Denver residents seem to have stronger feelings about parking than about pot store hours

Denver City Council set aside an hour for testimony on a proposal to extend pot store hours to 10 p.m., and only the usual suspects showed up.

Simply Pure dispensary with Maat Khan, budologist and executive assistant, behind the counter. (Chloe Aiello/Denverite)
Maat Khan behind the counter at Simply Pure. (Chloe Aiello/Denverite)
Maat Khan behind the counter at Simply Pure. (Chloe Aiello/Denverite)

Just 10 people signed up to speak at a courtesy public hearing, scheduled for an hour, on whether Denver should let marijuana stores stay open until 10 p.m., and they represented the same people who have been at the table all along — on one side, marijuana industry folks who want longer store hours, and on the other, Smart Colorado, a group that seeks to protect young people from marijuana and that advocates for more rather than less restrictive policies.

So with that, Denver City Council gave initial approval to an ordinance that would extend pot store hours from 7 p.m. to 10 p.m. with the understanding that two amendments that could somewhat restrict those new hours will be introduced next week when the council holds a second vote on the change. Depending on the details of the amendments, a third vote could be necessary.

One amendment, from Councilman Chris Herndon, would remove some of the morning hours in exchange for the later evening hours. The other amendment, from Councilwoman At-large Debbie Ortega, would not allow stores with pending license applications or those going through disciplinary proceedings for potential violations to take advantage of the extended hours. Ortega abstained from the initial vote, while Herndon voted yes for purposes of continuing the discussion. Ortega and Herndon both voted no at the committee level.

Ortega chastised one of the pro-marijuana industry speakers for questioning why Smart Colorado was given such a large role in the conversation. Nick LoVuolo wants stores to be able to stay open until midnight, as allowed under state law and asked officials how they could possibly arrive at the conclusion that they should cut off legal access when the black market is most active.

“As a grandmother of small children, I think the concern about the impact on our children is one we need to be cognizant of,” Ortega said. “I don’t think we’ve taken all of the unintended consequences into account. … As a city, having a balanced discussion is important.”

Inter-Neighborhood Cooperation, the umbrella group of Denver’s registered neighborhood organizations, supports the 10 p.m. close. Margie Valdez, who chairs the zoning and planning committee of INC, said there is far more concern within the group about how social consumption will be implemented.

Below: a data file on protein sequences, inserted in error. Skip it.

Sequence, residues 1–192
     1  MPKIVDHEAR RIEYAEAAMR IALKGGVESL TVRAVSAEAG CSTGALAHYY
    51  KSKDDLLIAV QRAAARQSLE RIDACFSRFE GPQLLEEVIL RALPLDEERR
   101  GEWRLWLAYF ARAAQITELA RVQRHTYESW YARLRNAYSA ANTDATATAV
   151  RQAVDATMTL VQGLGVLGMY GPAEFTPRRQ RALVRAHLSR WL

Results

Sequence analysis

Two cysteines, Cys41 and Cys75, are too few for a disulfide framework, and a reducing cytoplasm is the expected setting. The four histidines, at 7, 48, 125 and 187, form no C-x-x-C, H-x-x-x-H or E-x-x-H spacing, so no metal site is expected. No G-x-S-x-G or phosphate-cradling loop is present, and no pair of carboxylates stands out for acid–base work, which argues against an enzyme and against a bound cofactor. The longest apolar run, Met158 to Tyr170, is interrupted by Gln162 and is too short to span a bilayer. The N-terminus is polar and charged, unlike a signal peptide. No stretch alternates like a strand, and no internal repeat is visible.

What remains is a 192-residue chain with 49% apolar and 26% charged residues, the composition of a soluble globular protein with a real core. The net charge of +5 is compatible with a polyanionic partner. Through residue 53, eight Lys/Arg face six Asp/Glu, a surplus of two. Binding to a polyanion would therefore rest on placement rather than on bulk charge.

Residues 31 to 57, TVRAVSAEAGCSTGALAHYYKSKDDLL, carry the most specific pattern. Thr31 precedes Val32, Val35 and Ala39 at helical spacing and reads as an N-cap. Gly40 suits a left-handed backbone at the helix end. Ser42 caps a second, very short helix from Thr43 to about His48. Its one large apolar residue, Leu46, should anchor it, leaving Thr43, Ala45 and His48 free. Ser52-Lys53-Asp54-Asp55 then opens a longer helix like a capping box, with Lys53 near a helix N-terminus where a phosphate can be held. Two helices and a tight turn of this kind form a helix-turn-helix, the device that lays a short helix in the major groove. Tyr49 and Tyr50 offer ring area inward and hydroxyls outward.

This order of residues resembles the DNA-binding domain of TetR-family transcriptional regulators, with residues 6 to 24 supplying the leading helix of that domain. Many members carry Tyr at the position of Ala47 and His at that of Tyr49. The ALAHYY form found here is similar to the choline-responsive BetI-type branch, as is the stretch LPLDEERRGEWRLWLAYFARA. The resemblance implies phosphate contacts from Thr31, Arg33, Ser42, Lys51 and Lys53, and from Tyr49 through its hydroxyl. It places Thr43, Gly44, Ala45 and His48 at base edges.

Councilwoman Kendra Black, the sponsor of the ordinance extending store hours, said it’s about convenience for consumers. Neighboring jurisdictions with longer store hours don’t report more crime or other problems associated with those hours.

“Law-abiding citizens of legal age patronize these stores,” she said. “These are not kids. These are not drug dealers.”

Several speakers said they would oppose a reduction in hours in the morning. John Edward Cero said people who work second shift need early morning store hours, while Tiffany Goldman said a later start time would hurt her employees who are single parents and prefer to work early and leave when their kids get out of school.

“Cannabis should be treated like any other business,” was the theme from speakers associated with the industry.

Councilman Rafael Espinoza said he hears from constituents, though, who have had problems with “bad actors” in his northwest Denver district.

“It’s not like any other business,” he said. “You can’t take a credit card payment. You can’t do this. You can’t do that. It’s not like selling jewelry.”

Council President Albus Brooks, for his part, said he’d like to know the policy rationale for a 10 p.m. close as opposed to midnight.

“The policy conversation is, should we take the hours and make them parallel with the state?” he said. “It’s a funny conversation because Denver is always ahead of the state most of the time. Here we’re a little behind. And then there is the political conversation. What is palatable to the community? I believe we have the 10 p.m. time because that’s what’s palatable to the community.”

And he noted that he’s the father of three young children and has neighbors who “partake regularly.”

“My kids are okay,” he said. “We’ve had great conversations around it.”

Erica Meltzer

Author: Erica Meltzer

Erica Meltzer covers government and politics. She's worked for newspapers in Colorado, Arizona and Illinois and once won a First Amendment Award by showing up in the wrong place at the wrong time. She served in the Peace Corps in Paraguay and can swear fluently in Guarani. She gets emotional about public libraries. Contact Erica Meltzer at 303-502-2802, emeltzer@denverite.com or @meltzere.